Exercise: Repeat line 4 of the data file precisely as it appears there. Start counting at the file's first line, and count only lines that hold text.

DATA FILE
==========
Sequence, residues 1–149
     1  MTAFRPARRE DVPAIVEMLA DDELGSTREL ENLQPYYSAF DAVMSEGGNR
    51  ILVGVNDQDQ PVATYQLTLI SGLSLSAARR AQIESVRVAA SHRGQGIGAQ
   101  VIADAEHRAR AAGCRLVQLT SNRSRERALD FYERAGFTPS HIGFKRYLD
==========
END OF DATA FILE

   101  VIADAEHRAR AAGCRLVQLT SNRSRERALD FYERAGFTPS HIGFKRYLD